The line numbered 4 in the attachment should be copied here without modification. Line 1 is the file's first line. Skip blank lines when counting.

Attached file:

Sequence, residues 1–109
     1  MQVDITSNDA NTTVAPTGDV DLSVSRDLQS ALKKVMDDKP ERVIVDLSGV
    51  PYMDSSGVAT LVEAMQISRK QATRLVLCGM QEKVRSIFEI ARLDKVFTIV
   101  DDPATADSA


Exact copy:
   101  DDPATADSA